From a gleeful “yippee!!!” to a pained reminder that his reputation is on the line, a Trump administration official’s failures and successes to influence the CDC’s COVID-19 reporting is captured in a new document dump from the House Subcommittee on the Coronavirus Crisis.
Paul Alexander, formerly a top deputy to Health and Human Services assistant secretary for public affairs Michael Caputo, the longtime Trump hype man and HHS official, is the star of the tranche of emails.
The communications show his fixation on the CDC’s COVID-19 reports, often complaining that they were purposely written to cast the administration in a negative light.
“Very misleading by CDC and shame on them,” he wrote in an August 2020 email to Caputo, former CDC Director Robert Redfield and a handful of other officials about a report on COVID-19 spread at a Georgia summer camp. “Their aim is clear. This hurts any President or administration.”
Alexander had, previously to his appointment in the Trump administration, worked as a part-time assistant health professor at McMaster University in Canada and at the D.C.-based Infectious Diseases Society of America. He has a PhD in health research.
While part of the administration, he displayed antagonism towards others in his field.
“If you wish to debate me, show me the data that refutes what I write below…not what tv tells you, show me the data, not what Fauci tells you, show me the data; Dr. Fauci has no data, no science to back up what he is saying on school re-open, none…he is scaring the nation wrongfully,” he wrote in an email to Caputo and many other officials.
Anthony Fauci, director of the National Institute of Allergy and Infectious Diseases, became persona non grata in the Trump administration for his refusal to play along with the President’s downplaying of the pandemic. He is now also serving as chief medical advisor to President Joe Biden.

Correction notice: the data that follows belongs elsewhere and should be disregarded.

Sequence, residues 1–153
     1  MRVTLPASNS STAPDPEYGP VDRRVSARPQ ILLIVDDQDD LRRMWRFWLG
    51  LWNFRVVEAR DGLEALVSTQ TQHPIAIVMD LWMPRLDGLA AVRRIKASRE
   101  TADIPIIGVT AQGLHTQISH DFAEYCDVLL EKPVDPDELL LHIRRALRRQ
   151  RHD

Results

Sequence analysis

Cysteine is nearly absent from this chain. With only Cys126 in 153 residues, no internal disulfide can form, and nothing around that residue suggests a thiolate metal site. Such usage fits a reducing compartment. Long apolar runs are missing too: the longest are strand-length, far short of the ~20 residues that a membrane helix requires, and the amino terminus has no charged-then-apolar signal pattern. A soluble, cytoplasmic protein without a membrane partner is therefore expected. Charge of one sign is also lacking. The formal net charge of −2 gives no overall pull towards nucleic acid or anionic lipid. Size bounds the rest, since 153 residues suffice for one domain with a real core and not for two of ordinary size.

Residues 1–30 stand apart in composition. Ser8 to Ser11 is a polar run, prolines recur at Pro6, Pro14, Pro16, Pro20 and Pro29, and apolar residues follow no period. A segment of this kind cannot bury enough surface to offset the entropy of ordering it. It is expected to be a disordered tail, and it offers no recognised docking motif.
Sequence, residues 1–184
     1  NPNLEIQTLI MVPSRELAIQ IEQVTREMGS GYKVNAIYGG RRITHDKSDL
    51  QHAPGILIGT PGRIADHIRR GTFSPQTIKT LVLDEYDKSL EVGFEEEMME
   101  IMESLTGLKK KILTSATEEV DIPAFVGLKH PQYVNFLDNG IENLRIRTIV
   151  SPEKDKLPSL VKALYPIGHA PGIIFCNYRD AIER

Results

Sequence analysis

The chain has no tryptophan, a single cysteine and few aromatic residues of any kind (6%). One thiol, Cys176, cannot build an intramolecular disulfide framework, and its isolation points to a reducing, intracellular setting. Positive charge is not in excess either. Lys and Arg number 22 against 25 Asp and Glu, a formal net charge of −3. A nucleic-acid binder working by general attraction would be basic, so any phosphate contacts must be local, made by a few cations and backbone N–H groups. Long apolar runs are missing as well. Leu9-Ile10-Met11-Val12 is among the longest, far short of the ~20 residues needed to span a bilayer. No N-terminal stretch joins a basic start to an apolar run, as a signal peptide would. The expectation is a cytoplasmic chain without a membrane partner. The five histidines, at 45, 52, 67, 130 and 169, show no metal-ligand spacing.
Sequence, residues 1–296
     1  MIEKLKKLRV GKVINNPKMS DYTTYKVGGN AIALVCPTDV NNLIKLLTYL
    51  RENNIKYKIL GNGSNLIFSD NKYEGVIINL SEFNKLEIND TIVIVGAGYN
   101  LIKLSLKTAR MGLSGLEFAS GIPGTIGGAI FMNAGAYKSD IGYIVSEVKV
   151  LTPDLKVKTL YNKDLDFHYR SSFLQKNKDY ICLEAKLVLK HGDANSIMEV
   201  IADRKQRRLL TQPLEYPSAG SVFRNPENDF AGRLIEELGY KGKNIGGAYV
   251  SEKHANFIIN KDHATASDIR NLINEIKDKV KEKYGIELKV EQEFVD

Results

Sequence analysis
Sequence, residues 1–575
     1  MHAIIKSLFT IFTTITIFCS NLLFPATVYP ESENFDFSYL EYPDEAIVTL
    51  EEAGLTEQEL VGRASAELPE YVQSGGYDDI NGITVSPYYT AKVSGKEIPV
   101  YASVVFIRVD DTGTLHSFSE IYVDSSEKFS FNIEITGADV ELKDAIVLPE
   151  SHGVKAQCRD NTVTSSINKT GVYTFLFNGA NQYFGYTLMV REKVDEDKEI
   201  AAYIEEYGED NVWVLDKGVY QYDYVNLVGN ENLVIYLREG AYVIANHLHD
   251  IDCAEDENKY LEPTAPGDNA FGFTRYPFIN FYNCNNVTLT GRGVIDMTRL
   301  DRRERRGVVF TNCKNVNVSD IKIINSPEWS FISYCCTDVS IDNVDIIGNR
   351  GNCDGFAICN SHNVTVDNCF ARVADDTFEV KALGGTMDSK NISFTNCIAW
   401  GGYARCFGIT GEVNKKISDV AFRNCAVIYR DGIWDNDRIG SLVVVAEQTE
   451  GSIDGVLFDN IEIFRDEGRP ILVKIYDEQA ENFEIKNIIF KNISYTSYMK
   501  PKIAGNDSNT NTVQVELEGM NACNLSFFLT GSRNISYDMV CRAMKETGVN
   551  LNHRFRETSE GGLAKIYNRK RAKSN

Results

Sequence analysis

Alexander shot around reams of articles to prove his primary argument, that schools should be fully reopened, and expressed his willingness to pen op-eds or do interviews to make the case.
He also repeatedly demanded complete oversight of the CDC’s COVID-19 reports before publication, griping that he was only getting to see summaries. Rep. Jim Clyburn (D-GA), chairman of the House subcommittee, noted in an accompanying release that former HHS Secretary Alex Azar had testified last fall that Alexander had no “authority over determining the final publication of” the CDC reports.
When Alexander succeeded in battering CDC officials into submission, even if the victory took the form of a minor tweak in language, he celebrated.
“Small victory but a victory nonetheless and yipee!!!” he crowed in an email to Caputo about the Georgia summer camp report in September 2020.
“Maybe you are having a huge impact and this is tremendous. Well done!” he exclaimed to then-CDC Acting Chief of Staff Nina Witkofsky in August 2020 about two “positive” CDC reports in a row.
But such success had a cost — his efforts became the subject of articles in the Washington Post and other outlets — and Alexander expressed the toll it was taking in an email to Caputo.
“I close by stating that the recent media reports based on leaks of our internal private discussions have been painful given the media is leaking one word or a line and not the full discussion,” he wrote in September 2020. “This is unfair and my reputation is at stake and I am being maligned with simple lines leaked and taken out of context.”
Both men left the department days later.
Clyburn demanded in a letter accompanying the documents that Alexander submit all records and communications, as well as sit for a transcribed interview by the end of the month. Clyburn sent letters to Scott Atlas, former special advisor to the President, and Steven Hatfill, former advisor to assistant to the President Peter Navarro, requesting documents and interviews as well.
“In emails to other political appointees, you bragged that CDC reports showed more ‘good news’ about the pandemic following your intervention, stating, ‘small victory but a victory nonetheless and yippee!!!’” Clyburn wrote to Alexander. “You also made extensive use of a private email account in connection with your work for the Department of Health and Human Services.”
Alexander’s interference, and attempts at interference, have been well-documented by emails sporadically released by the committee, oftentimes in exchanges with Caputo.
A December email dump from the committee appeared to show Alexander advocating for achieving herd immunity through mass infections. In another episode, a CDC employee testified that Redfield ordered the deletion of an email capturing Alexander’s meddling in the reports.
“The Select Subcommittee began this inquiry last year but faced repeated obstruction from the Trump Administration,” Clyburn wrote in his letter to Alexander. “We are continuing the investigation in order to understand what went wrong and determine what corrective steps are necessary to control the virus, save American lives, and ensure that similar mistakes can never happen again.”